The last thing you need to ensure is your psycho-minion is smart enough to at least fake some emotional intelligence. They can’t make it obvious they have very little regard for others or they won’t be successful. The good news is if you find a narcissistic leader who’s smart, they’ll know an important element of their success is shepherding and building those under them – at least enough that it helps the leader be more successful.

Congratulations psychopath CEO, your company is now built to at least hit next quarter’s numbers! However, anything beyond that is foggy because everyone else will probably quit.

So far, it sounds pretty clear we wouldn’t want to work for a psychopath. But is there more to the story?

Psychopath or a good business operator?

There’s some very tough middle ground senior leaders have to play that could often be viewed as either a psychopathic trait or as being a good business operator. I had to play some of these roles at my last job when times got hard and budgets got cut. This makes the job of a leader very difficult because you have to worry about the long term health of the company sometimes more than the individuals who work for it.

If you’re not able to be a “tough” boss who can make the hard decisions, you may not be successful and your company may fail. I had a very hard time making staffing cuts because I was very concerned about the impact to the individuals… but does that make me a bad business operator and does that make the person who made the cuts a psychopath? It’s obviously not black or white, so many of the judgments can’t be made without a broader understanding of the situation… which is hard to entertain if you’re the one who is getting let go!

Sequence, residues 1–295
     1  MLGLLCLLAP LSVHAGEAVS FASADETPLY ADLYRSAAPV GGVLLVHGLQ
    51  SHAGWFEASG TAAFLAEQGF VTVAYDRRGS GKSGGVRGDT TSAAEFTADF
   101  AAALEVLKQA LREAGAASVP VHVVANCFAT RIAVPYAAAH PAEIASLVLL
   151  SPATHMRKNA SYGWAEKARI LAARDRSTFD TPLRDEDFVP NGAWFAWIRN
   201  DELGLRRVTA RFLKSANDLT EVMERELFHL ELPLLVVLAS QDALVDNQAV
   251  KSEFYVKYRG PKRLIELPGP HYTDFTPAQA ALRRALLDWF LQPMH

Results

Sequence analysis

What about psychopath visionaries?

Visionaries are the people who ultimately change the world. Sometimes they do it through building consensus and slowly moving the group along, but most of the time they’re single-minded in their efforts. It could be built out of their own goals of admiration and power, or it could be propelled by something they believe in so strongly that no person will be able to stand in their way.

Either way, they might be viewed as psychopaths because they’re more concerned with their vision than with anyone or anything else. They’re not hesitant to insult or fire people aren’t valuable to their cause. One often disputed psychopath is Steve Jobs. According to biographer Walter Isaacson, there was “Good Steve” and a “Bad Steve” and if you’ve read any of his biographies or watched the movies, you know he had some psychopathic traits. But he also changed the world.

In the end…

Even if 21% of senior leaders are psychopaths, it means that 79% aren’t. However, there are probably times that every senior leader was accused of being a psychopath due to the decisions they were forced to make. If I’m unwilling to make those tough decisions because I’m too nice (this is all theoretical) then does that mean I wouldn’t make it at the top of the company? Maybe that’s why there is a higher concentration of “psychopathic traits” at the top… because the people unwilling to make these difficult decisions quit before then or make a decision to stay at a lower level or as an “individual contributor” so they wouldn’t be put in a position where they’d have to look like a psychopath!